Meet and interact with one of the best in the alpine climbing community, Conrad Anker! As Tahoe Mountain Sports celebrates the opening of its new location in Truckee, CA, Conrad will be present to sign posters, answer questions and lead an informal discussion about his inspirational adventures around the world. TMS will offer gear and clothing specials in the store this night only! Join in several interactive contests with Conrad Anker to win a limited edition signed poster. Additionally, anyone that purchases North Face products (over $100) will receive a free gift with purchase. This event is free and open to the public.
Tahoe Mountain Sports has always been a champion of pioneers in the outdoor sports community. With Conrad Anker in town, The North Face Face and Tahoe Mountain Sports are excited to offer an amazing opportunity to the Truckee-Tahoe community to meet a legendary alpine climber and hero to many while learning more about the world of alpine sports.
Where: Tahoe Mountain Sports (New Location: Safeway Shopping Center 11200 Donner Pass Rd, Truckee, CA | Ph: 530.536.5200)
When: Wednesday, October 22, 2014 ~ 4:00 – 7:00 pm
Join the Event on Facebook
- 4:15 – 7:00pm: Attendees can pack Conrad’s gear bag and try to beat his time to win a HUGE, signed Conrad Anker poster.
- 4:45 – 5:00pm: Conrad Anker leads first of two discussions.
- 5:45 – 6:00pm: Ribbon cutting ceremony.
- 6:15 – 6:30pm: Conrad Anker leads second of two discussions.
- 6:45 – 7:00pm: Last contestant to enter bag packing contest, winner announced
Conrad Anker (Bio): Conrad Anker’s specialty, simply put, is climbing the most technically challenging terrain in the world. This quest has taken him from the mountains of Alaska and Antarctica to the big walls of Patagonia and Baffin Island and the massive peaks of the Himalaya.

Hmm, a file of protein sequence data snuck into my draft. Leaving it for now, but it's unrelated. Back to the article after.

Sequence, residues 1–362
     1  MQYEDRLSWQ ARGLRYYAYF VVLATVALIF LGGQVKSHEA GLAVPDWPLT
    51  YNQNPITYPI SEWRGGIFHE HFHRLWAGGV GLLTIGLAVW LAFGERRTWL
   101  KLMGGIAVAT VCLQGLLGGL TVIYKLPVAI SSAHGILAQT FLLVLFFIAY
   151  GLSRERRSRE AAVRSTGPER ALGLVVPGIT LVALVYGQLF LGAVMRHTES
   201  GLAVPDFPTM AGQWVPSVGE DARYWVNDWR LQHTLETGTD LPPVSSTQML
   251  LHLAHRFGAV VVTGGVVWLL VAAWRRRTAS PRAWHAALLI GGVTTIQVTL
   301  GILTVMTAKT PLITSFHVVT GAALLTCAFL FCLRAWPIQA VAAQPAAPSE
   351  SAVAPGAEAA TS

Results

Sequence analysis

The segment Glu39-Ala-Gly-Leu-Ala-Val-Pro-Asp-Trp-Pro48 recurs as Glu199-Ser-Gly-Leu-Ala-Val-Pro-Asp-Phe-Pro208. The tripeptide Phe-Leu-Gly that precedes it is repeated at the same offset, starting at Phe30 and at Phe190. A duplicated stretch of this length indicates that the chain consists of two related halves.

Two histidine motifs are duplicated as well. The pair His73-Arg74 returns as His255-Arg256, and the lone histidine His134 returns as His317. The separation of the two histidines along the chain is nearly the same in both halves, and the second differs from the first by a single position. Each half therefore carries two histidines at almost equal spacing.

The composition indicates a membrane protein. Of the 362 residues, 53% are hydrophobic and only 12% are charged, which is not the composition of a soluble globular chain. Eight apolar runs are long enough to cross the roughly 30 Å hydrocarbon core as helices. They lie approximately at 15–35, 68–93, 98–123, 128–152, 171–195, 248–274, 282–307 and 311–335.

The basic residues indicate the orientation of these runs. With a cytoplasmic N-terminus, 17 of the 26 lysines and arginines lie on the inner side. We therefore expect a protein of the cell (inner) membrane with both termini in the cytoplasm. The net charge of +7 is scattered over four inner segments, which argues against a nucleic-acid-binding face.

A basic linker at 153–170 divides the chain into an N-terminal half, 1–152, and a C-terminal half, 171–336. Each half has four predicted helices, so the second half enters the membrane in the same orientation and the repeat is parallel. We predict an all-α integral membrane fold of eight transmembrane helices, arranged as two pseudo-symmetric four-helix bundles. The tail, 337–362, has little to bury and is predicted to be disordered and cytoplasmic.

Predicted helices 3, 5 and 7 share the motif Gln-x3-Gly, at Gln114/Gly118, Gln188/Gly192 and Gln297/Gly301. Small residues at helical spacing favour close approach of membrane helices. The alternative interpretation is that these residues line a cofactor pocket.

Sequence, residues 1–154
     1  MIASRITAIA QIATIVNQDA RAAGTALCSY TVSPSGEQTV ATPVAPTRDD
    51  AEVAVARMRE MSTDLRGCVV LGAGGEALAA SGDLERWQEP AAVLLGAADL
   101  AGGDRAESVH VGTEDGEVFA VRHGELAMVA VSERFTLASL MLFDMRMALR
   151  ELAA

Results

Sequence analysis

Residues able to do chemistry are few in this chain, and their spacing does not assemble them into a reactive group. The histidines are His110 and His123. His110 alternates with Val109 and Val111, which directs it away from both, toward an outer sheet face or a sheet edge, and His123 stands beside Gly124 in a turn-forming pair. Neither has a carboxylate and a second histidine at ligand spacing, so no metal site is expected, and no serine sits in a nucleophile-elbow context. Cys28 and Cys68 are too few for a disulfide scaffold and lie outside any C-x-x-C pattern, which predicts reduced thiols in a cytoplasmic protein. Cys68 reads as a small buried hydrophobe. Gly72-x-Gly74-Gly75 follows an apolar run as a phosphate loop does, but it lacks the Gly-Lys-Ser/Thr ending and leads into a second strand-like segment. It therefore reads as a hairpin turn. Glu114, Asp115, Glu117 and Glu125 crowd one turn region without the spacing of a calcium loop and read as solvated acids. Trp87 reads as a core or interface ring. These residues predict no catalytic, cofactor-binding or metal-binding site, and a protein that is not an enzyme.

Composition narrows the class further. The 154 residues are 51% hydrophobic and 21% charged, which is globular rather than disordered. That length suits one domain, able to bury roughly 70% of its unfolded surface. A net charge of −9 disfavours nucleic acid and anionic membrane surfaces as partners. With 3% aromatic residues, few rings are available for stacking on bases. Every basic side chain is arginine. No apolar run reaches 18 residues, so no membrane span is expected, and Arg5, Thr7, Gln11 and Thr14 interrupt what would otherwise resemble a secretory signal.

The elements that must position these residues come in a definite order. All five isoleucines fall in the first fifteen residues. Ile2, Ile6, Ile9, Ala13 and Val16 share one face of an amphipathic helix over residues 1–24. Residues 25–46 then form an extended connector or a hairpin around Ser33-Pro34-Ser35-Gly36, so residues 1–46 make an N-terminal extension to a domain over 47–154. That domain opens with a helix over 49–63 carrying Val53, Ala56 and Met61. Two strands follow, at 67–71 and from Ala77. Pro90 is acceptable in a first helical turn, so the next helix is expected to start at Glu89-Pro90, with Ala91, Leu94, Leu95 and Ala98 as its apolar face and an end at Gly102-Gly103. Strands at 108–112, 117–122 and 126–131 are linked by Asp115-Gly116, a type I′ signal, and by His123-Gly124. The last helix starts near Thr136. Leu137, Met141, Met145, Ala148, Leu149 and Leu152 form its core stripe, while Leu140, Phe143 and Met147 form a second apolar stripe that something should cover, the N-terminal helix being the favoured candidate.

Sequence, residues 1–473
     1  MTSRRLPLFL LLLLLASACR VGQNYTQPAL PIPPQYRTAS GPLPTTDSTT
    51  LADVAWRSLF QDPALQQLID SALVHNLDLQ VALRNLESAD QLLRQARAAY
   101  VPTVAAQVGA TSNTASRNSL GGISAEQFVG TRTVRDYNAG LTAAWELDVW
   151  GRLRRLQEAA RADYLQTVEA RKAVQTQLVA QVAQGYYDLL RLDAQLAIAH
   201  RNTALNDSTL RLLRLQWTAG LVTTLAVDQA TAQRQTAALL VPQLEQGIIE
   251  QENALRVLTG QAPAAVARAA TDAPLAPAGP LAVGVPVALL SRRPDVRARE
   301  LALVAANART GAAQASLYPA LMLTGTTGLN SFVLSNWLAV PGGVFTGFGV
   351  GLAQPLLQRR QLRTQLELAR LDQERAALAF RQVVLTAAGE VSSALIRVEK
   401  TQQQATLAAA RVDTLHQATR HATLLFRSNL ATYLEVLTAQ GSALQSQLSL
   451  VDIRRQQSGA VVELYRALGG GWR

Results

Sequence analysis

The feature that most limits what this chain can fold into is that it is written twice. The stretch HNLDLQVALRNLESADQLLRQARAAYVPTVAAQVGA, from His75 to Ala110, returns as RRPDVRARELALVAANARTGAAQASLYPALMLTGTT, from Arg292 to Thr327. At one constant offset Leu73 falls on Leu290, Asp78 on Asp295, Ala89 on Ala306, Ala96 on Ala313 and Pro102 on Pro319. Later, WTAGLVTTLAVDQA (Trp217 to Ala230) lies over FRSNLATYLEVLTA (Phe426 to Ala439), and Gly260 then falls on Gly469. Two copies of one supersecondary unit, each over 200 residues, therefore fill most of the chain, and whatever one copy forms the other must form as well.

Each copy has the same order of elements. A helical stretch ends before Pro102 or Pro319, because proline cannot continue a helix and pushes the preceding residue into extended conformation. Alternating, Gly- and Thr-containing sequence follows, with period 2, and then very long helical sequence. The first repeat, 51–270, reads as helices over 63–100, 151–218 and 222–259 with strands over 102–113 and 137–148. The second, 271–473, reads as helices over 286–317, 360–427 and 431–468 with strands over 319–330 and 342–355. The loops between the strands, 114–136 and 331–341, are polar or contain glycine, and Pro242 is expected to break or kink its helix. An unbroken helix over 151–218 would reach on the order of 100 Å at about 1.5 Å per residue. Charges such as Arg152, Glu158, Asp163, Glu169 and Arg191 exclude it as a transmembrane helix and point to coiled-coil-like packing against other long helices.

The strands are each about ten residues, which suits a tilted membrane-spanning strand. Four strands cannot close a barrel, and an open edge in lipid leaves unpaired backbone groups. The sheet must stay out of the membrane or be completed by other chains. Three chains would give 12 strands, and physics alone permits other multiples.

Conrad’s Antarctic experience spans a decade, with first ascents in three regions. In 1997, Conrad teamed up with Alex Lowe and Jon Krakauer to climb Rakekniven, a 2,500-foot wall in Queen Maud Land. In the Sentinel Range, Conrad climbed the Vinson Massif via three new routes. His climbs in Pakistan’s Karakoram include the west face of Latok II along the “Tsering Mosong” route (which begins at the same height as the summit of Denali) where he climbed 26 pitches on a vertical cliff and then topped out at 23,342 feet.
In 1998, Conrad and Peter Croft made a first ascent of Spansar Peak via a 7,000-foot ridge in one day. In Patagonia, he climbed the three towers of the Cerro Torre Massif. On Yosemite’s El Capitan he joined Steve Gerberding and Kevin Thaw to establish “Continental Drift,” a steep “nail-up” on the right side. And in Zion National Park, Mugs Stump and Conrad first climbed the intimidating “Streaked Wall”.
In May of 1999, as a member of the Mallory & Irvine Research Expedition, Conrad discovered the body of George Mallory, the preeminent Everest explorer of the 1920s. The disappearance of Mallory and Sandy Irvine on their summit bid in June 1924 is one of climbing’s great mysteries, and Conrad’s discovery and analysis of the find has shed new light on the pioneering climbs of the early expeditions.
In October 2011, Conrad, Jimmy Chin and Renan Ozturk summited one of the last great unclimbed features of the Himalayas by topping out on the Shark’s Fin route on the northwest face of 20,700-foot Meru in the Garhwal Himalaya. In the game of high-altitude, big-wall mountaineering, the previously unclimbed route represents one of the world’s ultimate mountaineering tests, with the lower third a classic alpine snow-and-ice route, the middle a mix of ice and rock, and the final section an extremely difficult, overhanging headwall. The Shark’s Fin has drawn many of the world’s top alpinists over the past 30 years, none of them able to finish the route.
Conrad graduated from the University of Utah and lives in Bozeman, Montana, with his wife and three sons. Anker serves on the board of the Conservation Alliance, the Rowell Fund for Tibet and the Alex Lowe Charitable Foundation. “My involvement with these organizations is intrinsically rewarding,” Conrad says “and it’s among the most important work I do. It feels good to be able to give back to our community of humans and to the natural world.”
Learn more about Conrad via his athlete profile.